It takes more than a few raindrops to stop a good Fourth of July celebration.
A little precipitation wasn’t going to slow down Tapring Goatee or Josh Bedford or the rest of the competitors in the Fast Track Mile. Organized fireworks displays may have had to have been postponed, but the disorganized ones were going on in every neighborhood I visited Saturday night.
And although the Moline Invitational for American Legion baseball was being rained out 25 or 30 miles away from us, nothing was going to stop softball at the 75th annual Jung Reunion — much to the chagrin of the mothers in the family.
Descendants of my great-grandparents on my mother’s mother’s side have been meeting annually for that long now, and it can be an intimidating experience for a newcomer (as Jenny will tell you). Michael and Mary Jung had at least 10 children — I don’t have the family photograph in front of me — and big families are not unusual in the younger generations either.
That means a lot of cousins that Ryan, Darcy and JoJo — or Jenny, for that matter — only see once a year. This year’s attendance of 126 was horrifyingly low to a lot of family members — one of these days everybody is going to decide to show up on a whim, and all 1,000 or so of my cousins will be in the same place at the same time — but it’s still a lot of people with whom to be reacquainted annually.
Now the majority of this year’s 126 people do cook extremely well. Entrees ranged from smoked salmon to barbecued venison, with a lot of fried chicken in between, and it’s a common occurrence to fill your plate completely before you even get to the selection of salads — which, although enticing, are obviously limited in the Jung family to being the third of the three major food groups behind meat/potatoes/pasta and dessert.
Kind of a JoJo philosophy, in other words. There are also unlimited soft drinks, which also suits her.
But there are a lot of hours to fill between the noontime feast and the totally unnecessary but still heartily consumed supper. This is where softball comes in.
I haven’t missed a reunion — ever — and I’ve only missed one softball game (for work-related reasons) since realizing that my own lack of talent didn’t set me all that far apart from a lot of my cousins. Sideline conversations are how I know pretty much all the younger members of the Jung family, which works out great.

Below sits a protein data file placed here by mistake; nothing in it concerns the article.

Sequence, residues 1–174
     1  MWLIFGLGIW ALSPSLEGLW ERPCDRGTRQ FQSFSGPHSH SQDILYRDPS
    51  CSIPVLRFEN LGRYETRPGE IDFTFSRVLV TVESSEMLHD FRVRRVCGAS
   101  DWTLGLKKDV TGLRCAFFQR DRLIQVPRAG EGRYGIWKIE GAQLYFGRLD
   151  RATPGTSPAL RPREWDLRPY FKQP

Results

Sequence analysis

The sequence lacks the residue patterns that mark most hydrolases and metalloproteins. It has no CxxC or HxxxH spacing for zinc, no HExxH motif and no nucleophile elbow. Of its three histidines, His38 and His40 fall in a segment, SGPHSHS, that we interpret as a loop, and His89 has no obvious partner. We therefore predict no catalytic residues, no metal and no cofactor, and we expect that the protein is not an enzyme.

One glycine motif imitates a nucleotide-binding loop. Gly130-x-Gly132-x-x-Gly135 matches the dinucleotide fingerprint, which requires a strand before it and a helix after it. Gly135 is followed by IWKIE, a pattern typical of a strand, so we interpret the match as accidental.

The fact that it rained calmly but steadily all Saturday morning deterred us only a little. All of us were clinging to a weather forecast from earlier in the week (much earlier in the week) that said the weather would clear in the afternoon. I made the post-lunch conversational rounds accompanied by all three kids — Darcy and I may as well have been joined at the hip — but with one eye on the outdoors at all times.
Finally we saw my cousin Cody, a tough little left-hander (you may remember him stopping a line drive with his nose a couple of years ago) who will be Ryan’s rival if West Vigo and Kankakee Valley meet on the diamond sometime in the next four years, went out to hit flies with his younger brother and another cousin.
That was all it took. Before long at least 20 family members were out there with him, waiting for somebody to choose up sides. Bases appeared out of nowhere, and we were ready to go — a motley crew ranging in age from maybe 4 to … well, I’ll let you guess who was the oldest, thanks to my 65-year-old cousin Benny wearing white pants, for crying out loud, that kept him off the field … and at all levels of ability.
JoJo and Ryan have played before, but this was Darcy’s debut. She did great, but neither she nor JoJo hit the ball as hard as my 10-year-old cousin Lillie, the hard-headed daughter of my delightfully crazy cousin Brenda. (If you think that gives the Jung family two JoJos, you and I are on the same page.)
Surprisingly, however, drizzle seems to have an accumulative affect. By the time everyone agreed to stop playing — this was one of our shorter games, probably less than three hours — all were a little damp.
Jenny was a pretty good sport about toweling off the girls and wringing out their clothes for the drive home, probably because all three kids had decided their cousins were pretty cool and were ready for another reunion as soon as possible.
Any of that venison left?
Andy Amey can be reached after 4 p.m. for comments or news items at (812) 231-4277 or 1-800-783-8742; by e-mail at firstname.lastname@example.org; by mail at P.O. Box 149, Terre Haute, IN, 47808; or by fax at (812) 231-4321.